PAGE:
In fifth grade, I found my way into fairy tales.  It was a natural progression from the mythological stories I had been reading.  I don’t mean the Disney versions of the tales, I mean the dark and sometimes gruesome stories of the Brothers Grimm.  Again, my school library was the home of a giant book of these tales, and after having checked out this book a couple of times to read, I saw that there was another book, similar in size and content.  I started digging into the fairy tales of Hans Christian Anderson.  The horrifying “The Red Shoes” and the ridiculous “The Emperor’s New Clothes” were among my favorites.  It’s strange that although I strove in real life to be friendly, kind, and happy, and was very much a people-pleaser, I was drawn to some relatively dark stories where people’s bad behaviors were often dealt with through some of the harshest punishments meted out.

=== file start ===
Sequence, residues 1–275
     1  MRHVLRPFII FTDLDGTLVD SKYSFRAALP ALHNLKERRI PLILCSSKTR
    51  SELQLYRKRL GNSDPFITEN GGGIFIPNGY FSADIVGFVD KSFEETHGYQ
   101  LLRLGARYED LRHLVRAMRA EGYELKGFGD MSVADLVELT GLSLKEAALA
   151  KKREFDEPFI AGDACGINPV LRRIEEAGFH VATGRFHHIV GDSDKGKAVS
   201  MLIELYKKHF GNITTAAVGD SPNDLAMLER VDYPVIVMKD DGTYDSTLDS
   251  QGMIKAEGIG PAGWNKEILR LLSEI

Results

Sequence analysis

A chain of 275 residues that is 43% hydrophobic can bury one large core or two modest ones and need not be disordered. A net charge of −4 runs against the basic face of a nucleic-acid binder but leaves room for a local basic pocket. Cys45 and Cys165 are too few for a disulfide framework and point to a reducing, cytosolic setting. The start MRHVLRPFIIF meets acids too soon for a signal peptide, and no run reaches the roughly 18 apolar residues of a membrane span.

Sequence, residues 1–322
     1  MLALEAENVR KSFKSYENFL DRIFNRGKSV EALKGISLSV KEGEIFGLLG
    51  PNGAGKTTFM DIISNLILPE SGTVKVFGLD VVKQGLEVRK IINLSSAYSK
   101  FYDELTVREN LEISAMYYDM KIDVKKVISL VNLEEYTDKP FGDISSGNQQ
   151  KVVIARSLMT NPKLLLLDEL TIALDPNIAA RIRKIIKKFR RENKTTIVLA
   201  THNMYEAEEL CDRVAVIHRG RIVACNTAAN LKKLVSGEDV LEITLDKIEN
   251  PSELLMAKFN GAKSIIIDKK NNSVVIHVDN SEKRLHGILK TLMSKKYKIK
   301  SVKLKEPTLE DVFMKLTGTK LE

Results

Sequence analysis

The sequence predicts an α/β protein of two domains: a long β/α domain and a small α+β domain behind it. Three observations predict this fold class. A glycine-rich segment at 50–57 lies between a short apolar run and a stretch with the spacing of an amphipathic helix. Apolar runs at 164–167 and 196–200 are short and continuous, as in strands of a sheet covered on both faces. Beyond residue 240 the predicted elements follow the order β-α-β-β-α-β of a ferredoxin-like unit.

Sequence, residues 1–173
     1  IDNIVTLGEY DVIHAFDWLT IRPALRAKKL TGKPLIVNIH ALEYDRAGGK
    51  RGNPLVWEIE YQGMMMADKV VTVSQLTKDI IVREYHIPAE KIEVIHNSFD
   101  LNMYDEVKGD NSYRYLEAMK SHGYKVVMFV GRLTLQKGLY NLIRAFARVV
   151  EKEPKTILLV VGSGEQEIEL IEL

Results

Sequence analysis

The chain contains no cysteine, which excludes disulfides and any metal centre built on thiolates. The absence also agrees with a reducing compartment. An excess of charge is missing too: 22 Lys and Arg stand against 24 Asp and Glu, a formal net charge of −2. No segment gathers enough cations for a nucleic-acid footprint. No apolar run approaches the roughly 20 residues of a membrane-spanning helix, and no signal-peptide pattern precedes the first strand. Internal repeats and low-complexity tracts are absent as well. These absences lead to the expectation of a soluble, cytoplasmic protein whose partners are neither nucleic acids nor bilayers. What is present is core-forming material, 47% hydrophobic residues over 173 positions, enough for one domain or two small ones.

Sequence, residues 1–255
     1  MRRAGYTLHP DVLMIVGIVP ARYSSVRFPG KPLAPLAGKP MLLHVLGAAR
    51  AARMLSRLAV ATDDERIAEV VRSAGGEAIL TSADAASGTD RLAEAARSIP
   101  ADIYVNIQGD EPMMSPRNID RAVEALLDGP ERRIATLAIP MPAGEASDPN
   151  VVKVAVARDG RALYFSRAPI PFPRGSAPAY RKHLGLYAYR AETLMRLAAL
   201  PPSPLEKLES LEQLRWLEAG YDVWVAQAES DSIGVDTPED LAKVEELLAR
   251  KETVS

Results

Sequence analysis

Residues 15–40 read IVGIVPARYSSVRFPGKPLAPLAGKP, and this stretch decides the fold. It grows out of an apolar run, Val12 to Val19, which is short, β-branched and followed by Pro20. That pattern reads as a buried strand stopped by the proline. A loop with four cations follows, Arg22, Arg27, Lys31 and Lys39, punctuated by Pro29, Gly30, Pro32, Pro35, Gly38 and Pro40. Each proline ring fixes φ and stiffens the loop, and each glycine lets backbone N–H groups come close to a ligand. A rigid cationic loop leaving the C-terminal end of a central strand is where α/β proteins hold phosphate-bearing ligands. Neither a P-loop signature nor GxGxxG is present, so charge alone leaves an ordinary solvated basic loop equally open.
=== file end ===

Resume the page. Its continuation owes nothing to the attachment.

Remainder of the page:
At the same time I was deeply entrenched in the worlds of fairy godmothers and evil goblins and magic and spells, I also stumbled upon one of the first non-fiction books I ever remember reading.  Somehow I stumbled upon Helen Keller’s The Story of My Life, and it was transformative.  I read about a young girl who was trapped in her silent and dark world, frustrated and angry about not being able to communicate with anyone.  Her world collided with Annie Sullivan, seemingly the only person who, with persistence and determination, could manage to slowly chip away at the wall Keller found herself behind.  Deaf and blind during that time in history, Keller could easily have been pushed aside, abandoned, or worse, and yet fortune or destiny or chance matched her with the woman who would teach her the way to communicate the fierce intellect and fiery spirit that had been bound up inside her.  It was another book I read and re-read, and it made me realize two very important things.  The first was that we never really know what is going on in someone else’s mind unless they are willing or able to share it.  The second was that people’s lives, their everyday existence, could be a story.  Our lives are stories.  Every one of us has one to share.  I went on to read other autobiographies and biographies, notable among them was the story of Joan of Arc.  Her faith, confidence, and selflessness were undeniably inspirational and awe-inspiring.  And at such a young age!  I guess even in my pre-teen days, I was drawn to stories of strong powerful women who made their mark.